The newly accredited organizations are Massachusetts-based Asentral IRB and Hummingbird IRB, and Mexico-based Facultad de Medicina y Hospital Universitario, Dr. José Eleuterio Gonzalez de la Universidad Autónoma de Nuevo León.
To earn AAHRPP accreditation, organizations must demonstrate that they have built safeguards into all levels of research operations and that they adhere to high standards for the research. In today’s global, collaborative research enterprise, organizations increasingly rely on AAHRPP accreditation status to help identify trusted research partners.
“These three organizations join the nearly 200 worldwide that have earned AAHRPP accreditation—the gold standard for quality research and research protections,” AAHRPP President and CEO Elyse Summers said.
Sarah Kiskaddon, director of global business development and public affairs at AAHRPP, told us that organizations have to abide by a set of more than 60 standards that raise the bar higher than what the regulations require.
By far the majority of those who apply to be accredited get accredited and very few don’t end up accredited when a change in policy is requested, Kiskaddon told us. Those who require additional information usually come back after several months and get accredited, and there are “very few who just drop out of the process,” she said, noting that “typically if there’s a flaw, they fix it and come back.”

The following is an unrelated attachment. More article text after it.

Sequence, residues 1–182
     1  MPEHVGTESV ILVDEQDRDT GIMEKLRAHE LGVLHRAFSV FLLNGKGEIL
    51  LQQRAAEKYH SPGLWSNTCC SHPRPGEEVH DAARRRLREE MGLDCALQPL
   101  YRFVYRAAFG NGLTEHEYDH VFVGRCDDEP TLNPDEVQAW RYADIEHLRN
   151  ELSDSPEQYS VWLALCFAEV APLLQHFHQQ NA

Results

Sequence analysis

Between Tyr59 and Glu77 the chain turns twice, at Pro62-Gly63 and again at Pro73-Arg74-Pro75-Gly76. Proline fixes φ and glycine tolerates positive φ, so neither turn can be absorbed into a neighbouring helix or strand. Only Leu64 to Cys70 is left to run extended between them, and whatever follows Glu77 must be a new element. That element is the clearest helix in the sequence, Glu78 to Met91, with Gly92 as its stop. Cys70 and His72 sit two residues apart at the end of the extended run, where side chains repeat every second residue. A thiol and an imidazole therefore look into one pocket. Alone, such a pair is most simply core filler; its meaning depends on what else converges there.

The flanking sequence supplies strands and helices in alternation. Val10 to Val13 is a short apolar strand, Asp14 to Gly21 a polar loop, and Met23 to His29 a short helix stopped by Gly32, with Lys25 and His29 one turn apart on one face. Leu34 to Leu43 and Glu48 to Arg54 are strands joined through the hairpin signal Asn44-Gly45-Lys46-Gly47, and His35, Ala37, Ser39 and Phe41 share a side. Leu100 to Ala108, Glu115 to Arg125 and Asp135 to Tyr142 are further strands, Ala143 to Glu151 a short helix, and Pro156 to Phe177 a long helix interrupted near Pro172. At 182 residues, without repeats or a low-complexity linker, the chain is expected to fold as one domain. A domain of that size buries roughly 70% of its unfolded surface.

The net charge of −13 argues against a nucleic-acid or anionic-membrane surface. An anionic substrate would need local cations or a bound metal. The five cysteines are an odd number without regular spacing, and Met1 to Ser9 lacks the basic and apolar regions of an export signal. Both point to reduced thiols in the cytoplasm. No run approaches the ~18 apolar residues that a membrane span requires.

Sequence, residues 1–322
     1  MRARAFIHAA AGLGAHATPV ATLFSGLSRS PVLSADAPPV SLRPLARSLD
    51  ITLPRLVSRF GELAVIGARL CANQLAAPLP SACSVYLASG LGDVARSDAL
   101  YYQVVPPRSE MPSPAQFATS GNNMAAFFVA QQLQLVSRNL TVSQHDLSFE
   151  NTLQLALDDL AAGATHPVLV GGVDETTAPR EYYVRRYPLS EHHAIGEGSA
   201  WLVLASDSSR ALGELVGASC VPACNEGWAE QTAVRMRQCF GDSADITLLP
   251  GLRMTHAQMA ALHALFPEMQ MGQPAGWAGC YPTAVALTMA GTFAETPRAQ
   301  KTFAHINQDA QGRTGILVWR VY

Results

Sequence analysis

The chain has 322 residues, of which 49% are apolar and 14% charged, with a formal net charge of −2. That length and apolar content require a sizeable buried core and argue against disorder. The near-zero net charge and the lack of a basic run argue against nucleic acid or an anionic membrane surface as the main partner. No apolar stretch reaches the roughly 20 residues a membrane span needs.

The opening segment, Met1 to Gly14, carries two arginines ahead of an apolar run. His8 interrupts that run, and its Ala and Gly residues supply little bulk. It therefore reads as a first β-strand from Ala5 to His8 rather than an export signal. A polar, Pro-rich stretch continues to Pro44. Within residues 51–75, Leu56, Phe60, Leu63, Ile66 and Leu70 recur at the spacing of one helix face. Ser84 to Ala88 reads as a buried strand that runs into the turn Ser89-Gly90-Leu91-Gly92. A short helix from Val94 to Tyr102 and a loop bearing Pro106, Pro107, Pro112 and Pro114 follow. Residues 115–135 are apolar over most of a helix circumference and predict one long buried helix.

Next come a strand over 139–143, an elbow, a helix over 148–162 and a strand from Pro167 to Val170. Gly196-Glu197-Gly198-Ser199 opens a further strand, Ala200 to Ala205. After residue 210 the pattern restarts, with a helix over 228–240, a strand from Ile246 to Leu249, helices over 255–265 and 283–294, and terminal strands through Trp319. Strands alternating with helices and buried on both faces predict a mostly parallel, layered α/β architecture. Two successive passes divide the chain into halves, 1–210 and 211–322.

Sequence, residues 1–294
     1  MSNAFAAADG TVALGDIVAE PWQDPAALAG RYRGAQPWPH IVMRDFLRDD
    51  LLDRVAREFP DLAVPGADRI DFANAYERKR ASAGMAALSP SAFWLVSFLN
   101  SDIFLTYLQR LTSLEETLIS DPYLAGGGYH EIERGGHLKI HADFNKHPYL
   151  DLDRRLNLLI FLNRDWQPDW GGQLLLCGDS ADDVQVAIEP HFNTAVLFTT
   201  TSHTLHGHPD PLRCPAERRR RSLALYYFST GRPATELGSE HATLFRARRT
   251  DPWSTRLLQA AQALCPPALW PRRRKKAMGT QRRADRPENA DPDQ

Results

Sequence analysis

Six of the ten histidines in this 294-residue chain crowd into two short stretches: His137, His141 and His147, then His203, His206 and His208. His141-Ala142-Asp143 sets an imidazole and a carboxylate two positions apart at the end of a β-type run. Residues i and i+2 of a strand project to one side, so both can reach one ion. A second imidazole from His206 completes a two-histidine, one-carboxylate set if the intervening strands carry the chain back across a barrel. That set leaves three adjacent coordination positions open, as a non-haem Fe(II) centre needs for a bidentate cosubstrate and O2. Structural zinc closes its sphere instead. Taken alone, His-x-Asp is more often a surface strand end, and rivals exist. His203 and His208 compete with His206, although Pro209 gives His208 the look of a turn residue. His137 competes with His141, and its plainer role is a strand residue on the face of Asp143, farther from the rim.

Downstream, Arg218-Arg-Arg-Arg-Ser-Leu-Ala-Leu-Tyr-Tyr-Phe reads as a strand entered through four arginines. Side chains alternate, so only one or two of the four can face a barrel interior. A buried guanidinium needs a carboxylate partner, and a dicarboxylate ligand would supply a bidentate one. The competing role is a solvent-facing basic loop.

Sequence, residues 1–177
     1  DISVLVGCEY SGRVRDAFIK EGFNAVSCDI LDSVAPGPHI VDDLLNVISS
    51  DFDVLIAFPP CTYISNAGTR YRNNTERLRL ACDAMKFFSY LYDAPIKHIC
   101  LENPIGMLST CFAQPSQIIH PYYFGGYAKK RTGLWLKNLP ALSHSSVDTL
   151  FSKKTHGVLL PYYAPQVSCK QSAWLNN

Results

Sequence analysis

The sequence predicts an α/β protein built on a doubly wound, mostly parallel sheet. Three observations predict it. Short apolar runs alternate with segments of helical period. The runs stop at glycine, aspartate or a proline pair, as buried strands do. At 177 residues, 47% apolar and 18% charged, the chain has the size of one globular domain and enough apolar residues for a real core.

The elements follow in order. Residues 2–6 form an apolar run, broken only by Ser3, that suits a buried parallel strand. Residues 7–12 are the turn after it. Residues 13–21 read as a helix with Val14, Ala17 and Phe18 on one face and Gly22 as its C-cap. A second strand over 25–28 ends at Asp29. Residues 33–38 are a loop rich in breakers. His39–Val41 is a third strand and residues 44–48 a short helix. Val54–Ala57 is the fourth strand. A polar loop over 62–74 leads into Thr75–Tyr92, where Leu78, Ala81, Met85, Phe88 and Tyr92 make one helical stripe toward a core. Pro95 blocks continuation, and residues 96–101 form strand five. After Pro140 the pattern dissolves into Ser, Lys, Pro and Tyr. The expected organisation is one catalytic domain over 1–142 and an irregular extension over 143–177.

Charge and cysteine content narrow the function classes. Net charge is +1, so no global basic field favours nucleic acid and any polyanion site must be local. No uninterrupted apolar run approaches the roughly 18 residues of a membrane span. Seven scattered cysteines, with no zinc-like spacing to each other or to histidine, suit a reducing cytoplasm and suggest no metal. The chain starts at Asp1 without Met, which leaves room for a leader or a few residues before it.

To date, AAHRPP has accredited organizations in 46 states, Canada, China, India, Mexico, South Korea, Saudi Arabia, Singapore and Taiwan. All major US independent IRBs have earned AAHRPP accreditation. In addition, more than 60% of US research-intensive universities and over 65% of US medical schools are either AAHRPP-accredited or have begun the accreditation process.
The National Institutes of Health, the world’s largest public funder of research, also has earned accreditation, as has Pfizer.
Kiskaddon added that there are a lot of organizations close to accreditation in China and some in the Middle East.
After receiving accreditation, companies must be re-accredited after three years and then every five years, though they provide detailed annual reports. “If major leadership changes, we can do a site visit and make sure they’re still up to snuff,” Kiskaddon said.
But despite the push to accreditation for major research universities and researchers, only one CRO– Celerion – has been accredited. Kiskaddon explained that because CROs don’t have their own IRBs, they’re usually relying on other, outside and accredited IRBs.